Three-dimensional printable radio frequency identification antennas

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Sähkötekniikan korkeakoulu | Master's thesis
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Radio Engineering
Degree programme
EST - Master’s Programme in Radio Science and Engineering
54 +10
In this master’s thesis, radio frequency identification (RFID) systems and three-dimensional (3D) printing technology is studied to determine the possibility of printing electrically small 3D antennas for RFID tags. Computer simulations are carried out to design 3D antennas that are printable with 3D printing processes. Three tag antennas with different geometries are proposed, and they are designed to match to the input impedance of an RFID chip at the Ultra High Frequency (UHF) frequencies. These antennas are printed with plastic material using Fused Deposition Modeling (FDM) and Stereolithography (SLA) process, and afterwards coated with conductive material. The results that are obtained in this thesis show that it is possible to print 3D antennas using 3D printing technology but the measured results of antenna impedances do not closely match to the simulated one. The difference in results could be due to some factors in the antenna manufacturing process, which can influence the change in impedance from the desired one. These possible factors are also discussed in this thesis. Finally, the read range and sensitivity of a tag developed from one of the printed antennas is also determined. The work done in this thesis has demonstrated that 3D printing technology has a potential to print antennas of different geometries. With further research in this area, 3D printing can be used as a tool to fabricate antennas for various RFID applications. In addition, with the availability of 3D printers with metal printing capabilities, 3D printing holds a major potential for designing future compact-sized antennas for RFID applications.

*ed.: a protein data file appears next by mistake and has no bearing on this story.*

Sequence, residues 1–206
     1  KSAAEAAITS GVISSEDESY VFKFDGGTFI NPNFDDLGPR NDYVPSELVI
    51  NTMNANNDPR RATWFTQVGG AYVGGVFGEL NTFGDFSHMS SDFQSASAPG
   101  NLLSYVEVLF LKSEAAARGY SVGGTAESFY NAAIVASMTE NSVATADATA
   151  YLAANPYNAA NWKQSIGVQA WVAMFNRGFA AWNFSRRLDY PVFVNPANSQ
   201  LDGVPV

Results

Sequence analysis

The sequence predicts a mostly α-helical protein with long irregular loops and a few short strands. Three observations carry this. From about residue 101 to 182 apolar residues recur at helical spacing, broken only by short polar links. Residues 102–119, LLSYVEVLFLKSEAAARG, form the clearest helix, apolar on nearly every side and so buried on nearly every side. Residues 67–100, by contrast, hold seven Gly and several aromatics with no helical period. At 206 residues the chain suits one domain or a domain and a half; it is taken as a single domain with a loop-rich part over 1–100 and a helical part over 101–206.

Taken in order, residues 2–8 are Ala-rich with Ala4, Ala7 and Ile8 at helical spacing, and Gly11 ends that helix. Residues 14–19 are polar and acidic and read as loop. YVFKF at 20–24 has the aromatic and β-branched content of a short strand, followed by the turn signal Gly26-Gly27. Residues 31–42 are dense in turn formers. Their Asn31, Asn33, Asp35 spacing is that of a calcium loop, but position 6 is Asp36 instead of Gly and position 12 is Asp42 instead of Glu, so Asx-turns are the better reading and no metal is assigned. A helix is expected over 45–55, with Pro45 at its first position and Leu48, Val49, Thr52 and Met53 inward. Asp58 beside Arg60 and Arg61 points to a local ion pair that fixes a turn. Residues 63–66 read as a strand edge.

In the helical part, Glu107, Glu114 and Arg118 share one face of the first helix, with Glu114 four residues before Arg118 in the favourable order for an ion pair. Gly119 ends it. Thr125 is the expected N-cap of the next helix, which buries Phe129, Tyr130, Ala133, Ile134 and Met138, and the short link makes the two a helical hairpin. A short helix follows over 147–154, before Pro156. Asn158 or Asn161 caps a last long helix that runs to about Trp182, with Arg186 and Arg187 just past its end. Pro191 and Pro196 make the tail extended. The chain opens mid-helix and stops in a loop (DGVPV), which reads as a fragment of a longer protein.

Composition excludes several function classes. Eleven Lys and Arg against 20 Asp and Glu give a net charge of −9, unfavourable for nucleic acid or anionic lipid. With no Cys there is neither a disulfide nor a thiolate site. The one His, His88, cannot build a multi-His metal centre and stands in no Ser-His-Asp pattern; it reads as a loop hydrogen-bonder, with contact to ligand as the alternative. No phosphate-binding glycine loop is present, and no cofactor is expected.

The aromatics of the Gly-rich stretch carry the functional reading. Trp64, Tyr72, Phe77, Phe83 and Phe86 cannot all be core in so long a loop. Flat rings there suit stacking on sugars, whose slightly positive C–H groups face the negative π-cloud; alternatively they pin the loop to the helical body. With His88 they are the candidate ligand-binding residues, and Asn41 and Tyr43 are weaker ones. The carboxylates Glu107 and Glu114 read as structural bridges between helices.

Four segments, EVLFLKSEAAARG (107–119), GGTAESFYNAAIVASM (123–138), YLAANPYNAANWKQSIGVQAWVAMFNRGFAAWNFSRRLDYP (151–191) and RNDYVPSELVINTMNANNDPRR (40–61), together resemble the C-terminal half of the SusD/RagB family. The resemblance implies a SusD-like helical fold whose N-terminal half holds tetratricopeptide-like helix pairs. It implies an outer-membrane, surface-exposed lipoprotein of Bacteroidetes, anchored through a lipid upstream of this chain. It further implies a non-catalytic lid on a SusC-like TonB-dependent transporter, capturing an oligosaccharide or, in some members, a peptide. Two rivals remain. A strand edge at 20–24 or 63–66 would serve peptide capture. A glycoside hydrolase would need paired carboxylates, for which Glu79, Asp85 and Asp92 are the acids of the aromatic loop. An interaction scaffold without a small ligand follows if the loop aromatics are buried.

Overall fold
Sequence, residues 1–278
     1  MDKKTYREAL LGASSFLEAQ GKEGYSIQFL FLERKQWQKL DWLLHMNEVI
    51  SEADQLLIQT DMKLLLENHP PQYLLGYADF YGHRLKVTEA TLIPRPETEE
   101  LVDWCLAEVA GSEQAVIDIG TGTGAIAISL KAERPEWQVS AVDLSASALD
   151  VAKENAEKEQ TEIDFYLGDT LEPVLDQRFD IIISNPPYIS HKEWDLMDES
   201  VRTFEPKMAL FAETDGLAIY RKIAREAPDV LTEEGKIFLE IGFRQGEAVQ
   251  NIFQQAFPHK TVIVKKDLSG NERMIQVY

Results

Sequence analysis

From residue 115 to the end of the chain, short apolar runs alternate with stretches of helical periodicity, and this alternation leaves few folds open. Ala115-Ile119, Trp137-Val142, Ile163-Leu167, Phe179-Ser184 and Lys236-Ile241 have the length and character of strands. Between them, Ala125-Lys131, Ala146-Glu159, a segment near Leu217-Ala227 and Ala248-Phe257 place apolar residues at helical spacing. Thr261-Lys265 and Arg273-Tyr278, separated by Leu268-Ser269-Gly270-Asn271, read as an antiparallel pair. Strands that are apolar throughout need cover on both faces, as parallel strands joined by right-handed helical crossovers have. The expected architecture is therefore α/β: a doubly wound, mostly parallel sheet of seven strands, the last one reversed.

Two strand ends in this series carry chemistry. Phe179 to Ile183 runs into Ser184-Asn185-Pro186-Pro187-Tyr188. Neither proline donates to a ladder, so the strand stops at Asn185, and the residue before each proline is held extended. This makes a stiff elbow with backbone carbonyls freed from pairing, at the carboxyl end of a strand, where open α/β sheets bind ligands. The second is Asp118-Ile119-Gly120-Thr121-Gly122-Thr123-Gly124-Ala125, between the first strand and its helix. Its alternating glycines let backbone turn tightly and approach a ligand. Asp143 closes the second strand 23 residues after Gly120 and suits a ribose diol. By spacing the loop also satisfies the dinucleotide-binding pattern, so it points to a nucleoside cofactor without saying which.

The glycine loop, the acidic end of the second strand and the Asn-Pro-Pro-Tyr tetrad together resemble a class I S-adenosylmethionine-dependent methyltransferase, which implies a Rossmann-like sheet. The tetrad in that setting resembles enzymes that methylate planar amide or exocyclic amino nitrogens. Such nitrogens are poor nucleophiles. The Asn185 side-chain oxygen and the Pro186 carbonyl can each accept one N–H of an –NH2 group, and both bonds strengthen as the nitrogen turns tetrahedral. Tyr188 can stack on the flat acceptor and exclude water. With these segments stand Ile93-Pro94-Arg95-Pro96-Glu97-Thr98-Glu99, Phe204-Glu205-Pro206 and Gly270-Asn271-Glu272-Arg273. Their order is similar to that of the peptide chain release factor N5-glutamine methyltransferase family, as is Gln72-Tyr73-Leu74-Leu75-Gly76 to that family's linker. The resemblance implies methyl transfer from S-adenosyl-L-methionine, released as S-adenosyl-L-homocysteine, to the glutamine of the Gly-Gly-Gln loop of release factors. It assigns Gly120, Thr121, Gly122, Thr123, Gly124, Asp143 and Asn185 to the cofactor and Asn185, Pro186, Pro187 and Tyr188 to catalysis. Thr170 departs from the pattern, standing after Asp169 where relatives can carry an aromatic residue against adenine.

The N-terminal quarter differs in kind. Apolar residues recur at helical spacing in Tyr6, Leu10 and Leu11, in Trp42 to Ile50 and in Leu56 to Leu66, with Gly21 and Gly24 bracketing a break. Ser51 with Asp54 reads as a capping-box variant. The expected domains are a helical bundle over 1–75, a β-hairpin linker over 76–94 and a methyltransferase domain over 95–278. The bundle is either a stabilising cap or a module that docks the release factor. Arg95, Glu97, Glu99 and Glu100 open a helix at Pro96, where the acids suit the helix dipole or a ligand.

Viikari, Ville
Thesis advisor
Rasilainen, Kimmo
antennas, RFID, three-dimensional (3D) printing, transponder
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